Anzac wreath vandalism outrages rslouthians
SA’s AFR chief is today calling for the public to “act on” their anger after they ripped off an Australian flag and painted swastikas in front of the statue of former prime minister Paul Keating.
Mr Keating died of cancer in 2007, while his wife Julia Keating and brother Frank were both assassinate바카라사이트d in the Australian campaign to remove the statue.
“We know that, as a proud Nation of Australia, we are committed to democracy and equality.
“In our opinion, the act of this despicable act of vandalism against our former PM and our former prime minister’s former wife and brother is deeply offensive and in no way reflects the views of SA,” said Mr Rochdale.
“The actions of this couple will bring dishonour to the very foundation of our country, the military men that fought and died to preserve freedom for all.
“These two men, their widow and brother will go down in the annals of Australian History as the gre더킹카지노atest generation of Australians and as a proud part of the Australian National side.”
The vandalism occurred at about 3am on Wednesday, when the two former PMs and their son were buried at Mount Gravatt, south of Sydney.
The two former politicians had left their flag at the grave and were metnatyasastra.com by more than 100 protesters at a public park.
Police have arrested the two men in connection with the incident.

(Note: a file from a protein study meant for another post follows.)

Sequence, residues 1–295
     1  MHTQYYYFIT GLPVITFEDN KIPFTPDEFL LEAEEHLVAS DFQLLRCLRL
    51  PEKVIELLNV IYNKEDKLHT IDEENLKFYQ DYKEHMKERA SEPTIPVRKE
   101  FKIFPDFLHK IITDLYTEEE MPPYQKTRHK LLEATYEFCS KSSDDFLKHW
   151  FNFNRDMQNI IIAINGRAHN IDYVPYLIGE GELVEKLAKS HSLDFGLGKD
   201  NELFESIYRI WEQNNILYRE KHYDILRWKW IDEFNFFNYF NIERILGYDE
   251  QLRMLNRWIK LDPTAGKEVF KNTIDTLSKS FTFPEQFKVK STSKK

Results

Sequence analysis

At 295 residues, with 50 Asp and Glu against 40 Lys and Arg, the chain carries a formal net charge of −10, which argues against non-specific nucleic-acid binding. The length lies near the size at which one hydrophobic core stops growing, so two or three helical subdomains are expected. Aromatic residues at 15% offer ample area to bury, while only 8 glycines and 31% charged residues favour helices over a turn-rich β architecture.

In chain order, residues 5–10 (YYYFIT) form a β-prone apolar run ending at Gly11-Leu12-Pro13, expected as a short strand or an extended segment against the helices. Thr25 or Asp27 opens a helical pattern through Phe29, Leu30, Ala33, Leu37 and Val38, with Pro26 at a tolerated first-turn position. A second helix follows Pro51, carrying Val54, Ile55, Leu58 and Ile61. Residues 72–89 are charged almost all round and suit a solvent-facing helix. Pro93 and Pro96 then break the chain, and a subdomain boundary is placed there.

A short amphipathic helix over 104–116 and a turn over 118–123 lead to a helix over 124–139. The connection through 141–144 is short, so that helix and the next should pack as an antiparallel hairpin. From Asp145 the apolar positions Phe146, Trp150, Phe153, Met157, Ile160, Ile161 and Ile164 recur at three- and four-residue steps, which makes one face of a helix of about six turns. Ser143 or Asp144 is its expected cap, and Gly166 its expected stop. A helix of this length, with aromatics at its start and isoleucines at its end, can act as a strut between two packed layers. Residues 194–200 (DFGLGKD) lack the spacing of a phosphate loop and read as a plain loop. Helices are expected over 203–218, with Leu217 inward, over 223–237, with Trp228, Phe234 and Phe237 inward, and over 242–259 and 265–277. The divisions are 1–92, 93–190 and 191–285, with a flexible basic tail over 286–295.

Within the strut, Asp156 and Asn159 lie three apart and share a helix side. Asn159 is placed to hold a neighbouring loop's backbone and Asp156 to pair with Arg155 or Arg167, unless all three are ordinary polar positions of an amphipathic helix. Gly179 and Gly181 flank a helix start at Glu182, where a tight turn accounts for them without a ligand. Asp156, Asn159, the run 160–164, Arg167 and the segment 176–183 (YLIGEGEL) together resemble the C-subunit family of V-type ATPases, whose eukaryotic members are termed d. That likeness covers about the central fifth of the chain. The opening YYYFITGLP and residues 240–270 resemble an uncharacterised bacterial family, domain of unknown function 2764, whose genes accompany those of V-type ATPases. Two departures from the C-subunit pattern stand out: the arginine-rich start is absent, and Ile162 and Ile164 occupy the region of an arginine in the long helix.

Mr Rochdale said he was “shocked and disgusted” by the incident, but warned that further incidents could be in store.
He said the only way for the people in New South Wales to express their anger at the vandalism was to act on it and not be discouraged by those who don’t like what they see.
“If we all stand up, we can get the message across to this government that we reject this disgraceful act and this attitude towards Australia’s soldiers,” he said.
“This is the only way to show this country the true spirit of our people.”
The two former prime ministers were the first Australian political figures to be honoured with the Order of Australian Merit while serving in the army during World War II.
The three men who were murdered by the Nazis are shown during the trial of former Australian Prime Minister Paul Keating, in Berlin in 1988 (File Photo) ()
The former PM’s obituary included a video in which he said he wanted “our country back to its rightful place, but thi